Daniel Doherty

The atrocities in Syria are about as bad as one could possibly imagine. But atrocities aren’t just being carried out by the odious Assad regime, a new U.N. report finds. Terrorist cells and Syrian militants are facilitating the bloodshed by operating compounds, where they can torture, maim, and detain their hapless victims:

The UN for the first time has accused Syrian militants of committing crimes against humanity. The United Nations Human Rights Council on Wednesday said several Syrian Islamist rebel groups had systematically detained and tortured civilians. The rebels' crimes against humanity, it said, were carried out in al-Raqqa province against ethnic Kurds.

UN investigators have not been allowed into Syria, but they said evidence from interviews and other sources indicates that the jihadist Islamic State of Iraq and the Levant (ISIL), the al Qaeda-affiliated al-Nusra Front, the Islamist Ahrar al-Sham and the Shahid Walid Al-Sukhni Battalion all operate detention and torture centers.

"The acts committed by non-state armed groups identified above in the areas under their control against the civilian population constitute torture and inhuman treatment as a war crime and, in the context of al-Raqqa, as a crime against humanity," the commission said.

Previously, the UN had only blamed the Syrian government for committing crimes against humanity.

Moreover, the investigators now claim they have information on who, exactly, is carrying out these war crimes:

U.N. investigators said on Tuesday they had expanded their list of suspected war criminals from both sides in Syria's civil war and the evidence was solid enough to prepare any indictment.

The U.N. inquiry has identified individuals, military units and security agencies as well as insurgent groups suspected of committing abuses such as torture and bombing civilian areas, it said in its report to the United Nations Human Rights Council.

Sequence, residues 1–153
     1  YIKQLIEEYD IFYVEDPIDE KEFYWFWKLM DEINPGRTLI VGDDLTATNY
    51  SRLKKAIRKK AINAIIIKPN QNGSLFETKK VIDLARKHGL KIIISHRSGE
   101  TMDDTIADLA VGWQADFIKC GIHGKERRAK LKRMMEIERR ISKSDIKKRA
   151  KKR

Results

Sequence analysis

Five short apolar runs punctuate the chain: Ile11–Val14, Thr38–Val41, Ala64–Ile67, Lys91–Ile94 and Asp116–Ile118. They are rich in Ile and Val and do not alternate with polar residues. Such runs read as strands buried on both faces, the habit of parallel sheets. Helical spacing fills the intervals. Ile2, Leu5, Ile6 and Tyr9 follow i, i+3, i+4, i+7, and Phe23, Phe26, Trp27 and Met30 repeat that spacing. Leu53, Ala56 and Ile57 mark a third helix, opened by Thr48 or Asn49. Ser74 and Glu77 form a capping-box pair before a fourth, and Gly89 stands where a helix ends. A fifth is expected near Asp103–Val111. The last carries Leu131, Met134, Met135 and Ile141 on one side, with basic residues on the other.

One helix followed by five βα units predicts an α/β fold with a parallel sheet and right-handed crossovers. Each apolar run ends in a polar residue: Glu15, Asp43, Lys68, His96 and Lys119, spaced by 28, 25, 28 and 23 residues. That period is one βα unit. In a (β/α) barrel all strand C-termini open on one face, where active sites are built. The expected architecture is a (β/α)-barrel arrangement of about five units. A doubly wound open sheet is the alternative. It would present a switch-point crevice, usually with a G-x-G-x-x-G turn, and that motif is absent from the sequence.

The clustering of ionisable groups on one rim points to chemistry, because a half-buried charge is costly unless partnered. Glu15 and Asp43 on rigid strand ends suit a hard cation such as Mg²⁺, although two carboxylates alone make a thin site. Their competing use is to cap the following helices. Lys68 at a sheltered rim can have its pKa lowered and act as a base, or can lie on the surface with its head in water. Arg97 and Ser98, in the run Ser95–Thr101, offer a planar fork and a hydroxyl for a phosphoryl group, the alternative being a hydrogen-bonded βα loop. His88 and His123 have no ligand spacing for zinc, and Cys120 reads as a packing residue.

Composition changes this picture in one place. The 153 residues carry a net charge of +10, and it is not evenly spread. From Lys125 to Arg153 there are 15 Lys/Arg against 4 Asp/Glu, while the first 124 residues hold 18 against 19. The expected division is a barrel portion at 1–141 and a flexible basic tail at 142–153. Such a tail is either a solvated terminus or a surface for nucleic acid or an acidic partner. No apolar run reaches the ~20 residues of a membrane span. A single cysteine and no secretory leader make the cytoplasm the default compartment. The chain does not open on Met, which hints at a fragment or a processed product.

Still, none -- if any -- of these suspected war criminals will probably ever face justice:

However, despite the accumulation of evidence, diplomats say it is unlikely Syria would be referred to the International Criminal Court (ICC) that tries war crimes suspects in The Hague any time soon.

As Syria has not signed the Rome statutes setting up the ICC, the U.N. Security Council would need to make the referral. Russia, supported by China, has shielded its ally Syria throughout the war, vetoing three U.N. resolutions that would have condemned President Bashar al-Assad's government and threatened it with possible sanctions.

"We do not lack information on crimes or even on perpetrators. What we lack is a means by which to achieve justice and accountability but this is not in our powers," Paulo Pinheiro, the chairman of the U.N. commission of inquiry on Syria, told a news conference.

Back in the States, meanwhile, the administration is telling Syrian diplomats and consulates to take a hike:

The Obama administration ordered the Syrian government on Tuesday to suspend its diplomatic and consular missions in the United States, requiring all personnel who are not legal U.S residents to leave the country.

The order, three years after the start of Syria's bloody civil war, essentially shutters the Syrian embassy in Washington and its honorary consulates in Troy, Mich., and Houston, Texas. It comes in response to a decision by President Bashar Assad's government to suspend consular services for Syrians living in the U.S.

Ed Morrissey is curious about the timing of this decree. Did it have anything to do with the U.N.'s startling new report? Or was there another reason for kicking Syrian diplomats to the curb? We don't know. What we do know, however, is that the U.S's relationship with the Assad regime won't really change as a result of this new policy. This seems to be largely a symbolic act, then, the purpose of which remains somewhat unclear.


Daniel Doherty

Daniel Doherty is Townhall's Deputy News Editor. Follow him on Twitter @danpdoherty.

Author Photo credit: Jensen Sutta Photography